Russia is investigating cyber attacks, companies must be ready

President Joe Biden speaks during a tour of the Ford Rouge Electric Vehicle Center in Dearborn, Michigan on May 18, 2021.

Michael Wayland | CNBC

President Joe Biden on Monday advised US companies to strengthen their cybersecurity practices over intelligence reports indicating that Russia is looking at opportunities to attack.

The guidance came nearly a month after Russian forces invaded Ukraine in a war that left more than 900 dead, including 39 children.

“I have previously warned of the potential that Russia could engage in malicious cyber activities against the United States, including in response to the unprecedented economic costs we have imposed on Russia along with our allies and partners,” the president said in a statement. “It’s part of Russia’s playbook. Today my government is reiterating those warnings based on evolving intelligence that the Russian government is exploring options for potential cyber-attacks.”

Biden directed people to White House guidelines, which include using multi-factor authentication to prevent attackers from easily accessing systems. The White House suggested that companies back up and encrypt data, renew passwords and keep devices up to date with the latest security solutions.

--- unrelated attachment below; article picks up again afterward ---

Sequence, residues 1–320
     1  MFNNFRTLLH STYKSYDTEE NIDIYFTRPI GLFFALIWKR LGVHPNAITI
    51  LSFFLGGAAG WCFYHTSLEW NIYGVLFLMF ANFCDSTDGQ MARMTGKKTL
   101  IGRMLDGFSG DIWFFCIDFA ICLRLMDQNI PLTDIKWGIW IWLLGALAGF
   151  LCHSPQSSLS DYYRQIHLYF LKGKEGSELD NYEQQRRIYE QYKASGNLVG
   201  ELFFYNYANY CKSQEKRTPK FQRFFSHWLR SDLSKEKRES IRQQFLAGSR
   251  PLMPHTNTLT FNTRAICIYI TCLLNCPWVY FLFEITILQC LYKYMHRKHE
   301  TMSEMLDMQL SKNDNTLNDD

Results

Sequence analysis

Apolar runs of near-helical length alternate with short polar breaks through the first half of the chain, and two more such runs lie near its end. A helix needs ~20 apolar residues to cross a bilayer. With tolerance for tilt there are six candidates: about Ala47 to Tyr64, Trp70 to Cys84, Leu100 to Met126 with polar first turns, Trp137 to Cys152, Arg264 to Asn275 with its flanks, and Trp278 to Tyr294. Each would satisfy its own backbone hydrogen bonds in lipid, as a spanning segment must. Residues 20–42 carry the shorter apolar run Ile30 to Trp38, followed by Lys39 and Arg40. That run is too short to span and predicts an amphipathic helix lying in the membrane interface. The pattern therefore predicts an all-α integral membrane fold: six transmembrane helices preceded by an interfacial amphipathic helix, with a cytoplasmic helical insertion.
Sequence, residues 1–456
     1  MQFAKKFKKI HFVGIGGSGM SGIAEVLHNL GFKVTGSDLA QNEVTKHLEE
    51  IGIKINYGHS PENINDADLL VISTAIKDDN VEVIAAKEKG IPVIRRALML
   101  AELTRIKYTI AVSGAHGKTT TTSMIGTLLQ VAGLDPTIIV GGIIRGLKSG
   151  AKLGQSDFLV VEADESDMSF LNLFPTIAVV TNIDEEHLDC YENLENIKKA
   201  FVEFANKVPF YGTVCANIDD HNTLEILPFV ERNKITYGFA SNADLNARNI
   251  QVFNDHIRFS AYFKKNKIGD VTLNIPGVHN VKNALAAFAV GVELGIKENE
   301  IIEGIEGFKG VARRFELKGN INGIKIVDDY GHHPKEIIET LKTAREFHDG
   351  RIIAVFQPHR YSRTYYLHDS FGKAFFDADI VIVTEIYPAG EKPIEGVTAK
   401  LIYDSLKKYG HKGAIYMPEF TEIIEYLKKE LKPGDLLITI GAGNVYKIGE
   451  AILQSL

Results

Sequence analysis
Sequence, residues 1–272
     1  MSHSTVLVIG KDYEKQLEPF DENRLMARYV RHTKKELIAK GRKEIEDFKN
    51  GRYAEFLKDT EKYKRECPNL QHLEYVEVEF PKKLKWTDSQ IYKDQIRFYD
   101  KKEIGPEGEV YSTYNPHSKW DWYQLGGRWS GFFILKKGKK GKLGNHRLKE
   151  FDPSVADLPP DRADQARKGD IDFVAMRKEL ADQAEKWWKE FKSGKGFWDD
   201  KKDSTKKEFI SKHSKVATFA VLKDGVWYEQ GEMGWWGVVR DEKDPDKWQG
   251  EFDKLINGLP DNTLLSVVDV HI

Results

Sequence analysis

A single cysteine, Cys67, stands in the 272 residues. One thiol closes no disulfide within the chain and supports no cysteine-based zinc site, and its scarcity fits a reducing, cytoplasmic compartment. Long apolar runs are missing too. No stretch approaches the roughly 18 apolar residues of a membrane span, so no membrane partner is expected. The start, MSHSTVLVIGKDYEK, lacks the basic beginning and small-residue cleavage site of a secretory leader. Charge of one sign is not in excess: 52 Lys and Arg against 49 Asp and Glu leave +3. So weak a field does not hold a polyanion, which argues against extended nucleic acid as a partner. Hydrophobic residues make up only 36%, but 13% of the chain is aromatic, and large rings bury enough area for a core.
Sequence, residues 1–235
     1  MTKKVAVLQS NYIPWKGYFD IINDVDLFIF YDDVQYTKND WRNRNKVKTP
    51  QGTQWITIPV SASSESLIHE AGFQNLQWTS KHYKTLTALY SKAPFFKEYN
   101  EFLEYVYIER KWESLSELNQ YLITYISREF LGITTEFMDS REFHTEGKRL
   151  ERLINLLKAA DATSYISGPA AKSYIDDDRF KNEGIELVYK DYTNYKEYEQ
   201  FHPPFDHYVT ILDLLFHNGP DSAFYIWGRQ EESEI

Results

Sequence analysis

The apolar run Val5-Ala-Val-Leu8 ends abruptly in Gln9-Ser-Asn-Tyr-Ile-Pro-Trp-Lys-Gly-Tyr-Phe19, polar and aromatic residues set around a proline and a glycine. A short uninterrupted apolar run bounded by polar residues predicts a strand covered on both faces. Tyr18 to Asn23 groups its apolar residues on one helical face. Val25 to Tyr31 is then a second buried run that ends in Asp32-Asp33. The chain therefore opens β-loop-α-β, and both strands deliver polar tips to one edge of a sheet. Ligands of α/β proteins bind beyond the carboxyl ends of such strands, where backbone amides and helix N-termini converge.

“We need everyone to do their part to confront one of the defining threats of our time — your vigilance and urgency today can prevent or mitigate tomorrow’s attacks,” Biden said.

We don’t know that adversaries will launch an attack on critical infrastructure, Anne Neuberger, US, deputy national security adviser for cyber and emerging technology, told reporters at a news conference. Still, the federal government gave secret briefings to hundreds of companies last week.

“There’s some preparatory activity we’re seeing,” said Neuberger, who declined to name the industries that were at risk of being affected.

US software company HubSpot said it was attacked on Friday and suspected it was targeting cryptocurrency customers. HubSpot has not identified the attacker.

Microsoft said late last month that it was sharing information about cyber threats with the US government. The company had seen attacks on civilian and military targets in Ukraine, but had not attributed them to Russia or any other actor.

“We made it very clear to the Russians that a heavy price would be paid if they used their capabilities to attack critical infrastructure to target sectors of strategic importance,” said Ned Price, a spokesman for the State Department. . during a press conference.

— Amanda Macias and Christina Wilkie of CNBC contributed to this report.

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